Twenty-three years after a mob threw him into a burning truck, a barely living Gurcharan Singh is demanding justice after being reduced to a cripple in the 1984 anti-Sikh violence in Delhi.
Confined to bed for life after the horrific incident, Singh reached the Karkardooma court in an ambulance Wednesday along with a group of other victims of the 1984 mass violence that left around 2,700 people dead.
A 17-year-old at that time, Singh was a resident of Uttam Nagar in west Delhi when reprisal violence swept Delhi following the assassination of prime minister Indira Gandhi by two of her Sikh bodyguards on Oct 31, 1984.
Mobs incited by politicians immediately took over the streets, killing and raping innocents. Hundreds were injured and traumatised.
The mob that invaded Uttam Nagar killed Singh's father and maternal uncle before catching hold of him and throwing him into a burning truck. This happened on Nov 1.
That terrible act of violence destroyed Singh although he didn't die.
"When I gained consciousness, I found myself in a hospital bed. I was discharged after 10 days to live a miserable life. They (mob) had burnt our shops, homes and killed our people," Singh recalled.
"My brother was also attacked with bricks, leaving him injured in his spine. He has been incapacitated for life. From my family of seven, only two of us are alive," a grieving Singh told IANS in the court complex, speaking from the stretcher that has since then become his permanent shelter.
It was the start of an agonizing life.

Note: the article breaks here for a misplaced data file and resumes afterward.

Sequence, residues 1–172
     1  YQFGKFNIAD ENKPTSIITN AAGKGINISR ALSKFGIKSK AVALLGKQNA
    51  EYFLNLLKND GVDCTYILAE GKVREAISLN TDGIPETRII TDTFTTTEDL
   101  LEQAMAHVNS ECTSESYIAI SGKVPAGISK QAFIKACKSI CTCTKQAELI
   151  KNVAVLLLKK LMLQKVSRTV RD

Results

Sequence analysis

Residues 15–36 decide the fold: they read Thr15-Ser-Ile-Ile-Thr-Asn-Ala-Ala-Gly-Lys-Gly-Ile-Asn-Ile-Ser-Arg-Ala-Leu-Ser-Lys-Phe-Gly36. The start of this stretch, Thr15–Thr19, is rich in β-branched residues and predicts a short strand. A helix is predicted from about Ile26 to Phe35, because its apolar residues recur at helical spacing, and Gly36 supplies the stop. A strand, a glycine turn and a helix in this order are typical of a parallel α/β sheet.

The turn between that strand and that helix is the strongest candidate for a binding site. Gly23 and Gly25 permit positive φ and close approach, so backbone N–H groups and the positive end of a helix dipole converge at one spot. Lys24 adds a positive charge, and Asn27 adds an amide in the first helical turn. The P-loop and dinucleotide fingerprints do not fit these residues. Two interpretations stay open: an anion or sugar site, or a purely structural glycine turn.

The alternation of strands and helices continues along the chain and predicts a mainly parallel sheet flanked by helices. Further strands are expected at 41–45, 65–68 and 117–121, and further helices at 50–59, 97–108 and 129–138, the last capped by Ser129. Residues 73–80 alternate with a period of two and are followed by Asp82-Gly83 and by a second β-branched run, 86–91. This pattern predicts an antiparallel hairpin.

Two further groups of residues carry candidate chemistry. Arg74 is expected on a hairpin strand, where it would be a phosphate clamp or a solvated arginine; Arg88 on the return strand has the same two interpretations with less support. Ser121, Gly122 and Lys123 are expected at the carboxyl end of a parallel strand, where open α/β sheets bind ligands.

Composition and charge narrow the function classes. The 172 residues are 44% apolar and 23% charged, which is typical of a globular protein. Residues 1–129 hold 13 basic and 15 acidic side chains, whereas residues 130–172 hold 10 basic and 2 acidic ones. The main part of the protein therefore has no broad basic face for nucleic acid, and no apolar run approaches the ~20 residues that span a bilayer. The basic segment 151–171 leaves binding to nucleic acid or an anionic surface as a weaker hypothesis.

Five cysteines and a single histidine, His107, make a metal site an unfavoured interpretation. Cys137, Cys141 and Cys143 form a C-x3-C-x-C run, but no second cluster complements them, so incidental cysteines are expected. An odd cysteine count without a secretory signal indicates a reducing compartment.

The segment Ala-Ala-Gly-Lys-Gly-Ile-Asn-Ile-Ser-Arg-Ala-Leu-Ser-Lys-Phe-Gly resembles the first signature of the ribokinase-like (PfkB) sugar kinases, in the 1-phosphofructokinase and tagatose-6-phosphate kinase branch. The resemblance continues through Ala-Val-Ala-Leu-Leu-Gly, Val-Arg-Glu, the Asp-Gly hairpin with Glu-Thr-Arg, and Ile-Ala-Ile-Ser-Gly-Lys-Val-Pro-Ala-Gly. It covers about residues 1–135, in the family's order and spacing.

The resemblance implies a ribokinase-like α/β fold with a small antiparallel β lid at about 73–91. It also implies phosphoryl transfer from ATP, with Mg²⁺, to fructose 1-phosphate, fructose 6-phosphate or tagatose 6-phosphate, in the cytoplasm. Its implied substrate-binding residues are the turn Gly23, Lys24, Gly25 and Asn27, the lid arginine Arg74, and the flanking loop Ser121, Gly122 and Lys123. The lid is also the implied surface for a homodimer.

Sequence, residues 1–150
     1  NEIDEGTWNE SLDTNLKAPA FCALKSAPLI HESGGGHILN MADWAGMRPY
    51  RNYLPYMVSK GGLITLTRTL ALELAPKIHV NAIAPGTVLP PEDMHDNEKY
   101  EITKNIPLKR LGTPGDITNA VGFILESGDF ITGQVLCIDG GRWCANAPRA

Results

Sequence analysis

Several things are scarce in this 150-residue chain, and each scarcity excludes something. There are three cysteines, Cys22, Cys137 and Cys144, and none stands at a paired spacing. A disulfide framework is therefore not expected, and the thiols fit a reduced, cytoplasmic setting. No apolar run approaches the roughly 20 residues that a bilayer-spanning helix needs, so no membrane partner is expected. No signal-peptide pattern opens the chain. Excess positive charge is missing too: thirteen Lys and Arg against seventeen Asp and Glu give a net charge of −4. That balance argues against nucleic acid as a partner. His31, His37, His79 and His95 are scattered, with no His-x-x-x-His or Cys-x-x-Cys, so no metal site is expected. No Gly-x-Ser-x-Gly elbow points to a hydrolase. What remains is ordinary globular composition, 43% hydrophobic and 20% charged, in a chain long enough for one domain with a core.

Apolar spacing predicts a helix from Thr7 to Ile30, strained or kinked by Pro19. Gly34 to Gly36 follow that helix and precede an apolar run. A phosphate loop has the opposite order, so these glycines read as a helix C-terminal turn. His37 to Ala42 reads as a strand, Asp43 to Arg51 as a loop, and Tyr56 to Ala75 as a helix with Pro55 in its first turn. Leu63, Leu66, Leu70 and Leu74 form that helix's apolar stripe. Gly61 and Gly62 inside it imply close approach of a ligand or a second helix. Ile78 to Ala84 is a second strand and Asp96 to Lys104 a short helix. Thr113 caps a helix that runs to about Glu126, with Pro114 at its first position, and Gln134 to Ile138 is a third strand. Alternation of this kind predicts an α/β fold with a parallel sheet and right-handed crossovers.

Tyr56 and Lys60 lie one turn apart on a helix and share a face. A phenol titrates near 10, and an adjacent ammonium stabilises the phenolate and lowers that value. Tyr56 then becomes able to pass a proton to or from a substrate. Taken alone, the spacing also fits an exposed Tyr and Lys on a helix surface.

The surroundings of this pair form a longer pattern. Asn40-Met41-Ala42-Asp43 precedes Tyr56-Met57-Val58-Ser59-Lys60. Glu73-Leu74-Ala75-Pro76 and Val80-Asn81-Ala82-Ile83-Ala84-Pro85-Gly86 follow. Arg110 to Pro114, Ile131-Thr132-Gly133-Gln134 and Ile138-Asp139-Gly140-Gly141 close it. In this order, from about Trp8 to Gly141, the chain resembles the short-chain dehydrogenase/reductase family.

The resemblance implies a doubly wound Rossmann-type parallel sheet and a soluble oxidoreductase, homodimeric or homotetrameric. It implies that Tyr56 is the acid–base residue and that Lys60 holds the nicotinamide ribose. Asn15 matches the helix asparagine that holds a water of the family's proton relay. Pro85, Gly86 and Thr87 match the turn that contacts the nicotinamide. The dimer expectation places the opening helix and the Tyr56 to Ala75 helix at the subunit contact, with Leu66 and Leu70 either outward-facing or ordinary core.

Singh registered a case with Delhi Police, accusing Sajjan Kumar, a Congress MP who has been widely blamed for the 1984 mayhem but the police refused to name the MP in the first information report.
And then fear took over.
Living under constant threats of life, because the killers did not want him pointing his accusing fingers against them, Singh quietly moved out to Mohali in Punjab.
The Sikh Gurudwara Prabandhak Committee (SGPC), the Sikh religious parliament, finally came to his rescue, dishing out - in Singh's words - a monthly pension of Rs 10,000.
When the government set up the GT Nanavati Commission to probe the anti-Sikh violence, Singh refused to depose. "I feared for my life," he said Wednesday, as two armed policemen from Punjab stood by his side.
One day, prodded by the court, the Central Bureau of Investigation (CBI) came to him to record his statement at Mohali.
And the volcano in Singh burst out.
"I told the CBI that the mob attacking our area was led by Sajjan Kumar. He met the local 'sarpanch' and said: 'They (Sikhs) have killed 'maa' (Indira Gandhi), kill them'," Singh told IANS.
Sajjan Kumar has denied similar allegations against him in the past.
The SGPC also promised to protect Singh, giving him the courage to travel to New Delhi.
Singh has nothing much to look forward to, but he feels strongly that justice needs to be done and those who killed innocents in 1984 should be punished.
He knows that even if that happens, he will remain a cripple for life - for no fault of his.
Babu Singh Dukhiya, president of a forum seeking justice for the 1984 victims, told IANS: "Singh is living a miserable life. His only wish is that the court must record his statement. He knows he may die soon."